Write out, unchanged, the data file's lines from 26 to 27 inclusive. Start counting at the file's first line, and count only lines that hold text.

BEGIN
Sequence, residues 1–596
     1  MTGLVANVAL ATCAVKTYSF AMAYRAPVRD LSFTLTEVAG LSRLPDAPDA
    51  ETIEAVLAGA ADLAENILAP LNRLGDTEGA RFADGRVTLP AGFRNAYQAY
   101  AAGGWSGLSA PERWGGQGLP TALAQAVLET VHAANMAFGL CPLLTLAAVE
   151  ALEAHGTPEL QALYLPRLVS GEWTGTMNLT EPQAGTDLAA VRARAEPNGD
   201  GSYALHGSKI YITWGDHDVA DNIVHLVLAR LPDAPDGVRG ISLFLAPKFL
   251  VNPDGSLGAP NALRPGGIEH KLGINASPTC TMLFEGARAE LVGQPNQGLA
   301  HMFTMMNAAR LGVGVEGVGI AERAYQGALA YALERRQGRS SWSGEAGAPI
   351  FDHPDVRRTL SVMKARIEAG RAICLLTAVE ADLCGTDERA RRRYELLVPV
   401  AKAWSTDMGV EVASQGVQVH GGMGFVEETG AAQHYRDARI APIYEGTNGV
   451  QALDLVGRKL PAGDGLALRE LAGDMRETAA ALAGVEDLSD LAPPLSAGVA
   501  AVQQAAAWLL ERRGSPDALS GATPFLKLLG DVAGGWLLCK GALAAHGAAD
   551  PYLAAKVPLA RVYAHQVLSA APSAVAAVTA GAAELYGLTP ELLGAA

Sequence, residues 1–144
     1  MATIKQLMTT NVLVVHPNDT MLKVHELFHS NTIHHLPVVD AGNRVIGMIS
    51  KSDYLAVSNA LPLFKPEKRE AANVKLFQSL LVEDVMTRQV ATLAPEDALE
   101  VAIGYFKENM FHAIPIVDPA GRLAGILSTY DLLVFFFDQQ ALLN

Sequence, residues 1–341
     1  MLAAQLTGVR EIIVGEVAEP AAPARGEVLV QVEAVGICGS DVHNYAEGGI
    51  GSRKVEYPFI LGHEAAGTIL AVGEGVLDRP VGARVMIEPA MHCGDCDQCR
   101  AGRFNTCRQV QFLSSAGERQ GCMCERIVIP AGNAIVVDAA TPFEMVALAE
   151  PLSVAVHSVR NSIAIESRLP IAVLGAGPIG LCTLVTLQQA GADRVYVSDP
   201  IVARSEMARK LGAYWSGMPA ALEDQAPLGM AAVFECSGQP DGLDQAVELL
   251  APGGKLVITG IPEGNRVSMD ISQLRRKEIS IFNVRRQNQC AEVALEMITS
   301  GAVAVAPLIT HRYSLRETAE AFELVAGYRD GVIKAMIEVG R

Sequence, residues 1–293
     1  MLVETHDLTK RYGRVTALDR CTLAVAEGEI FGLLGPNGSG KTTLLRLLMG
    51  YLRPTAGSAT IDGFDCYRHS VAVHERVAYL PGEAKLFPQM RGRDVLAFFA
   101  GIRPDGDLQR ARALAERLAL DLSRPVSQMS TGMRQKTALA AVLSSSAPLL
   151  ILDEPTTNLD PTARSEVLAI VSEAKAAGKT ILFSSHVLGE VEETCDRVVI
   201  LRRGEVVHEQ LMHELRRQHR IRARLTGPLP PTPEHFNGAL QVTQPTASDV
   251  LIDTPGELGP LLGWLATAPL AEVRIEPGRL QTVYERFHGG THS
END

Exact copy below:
Sequence, residues 1–293
     1  MLVETHDLTK RYGRVTALDR CTLAVAEGEI FGLLGPNGSG KTTLLRLLMG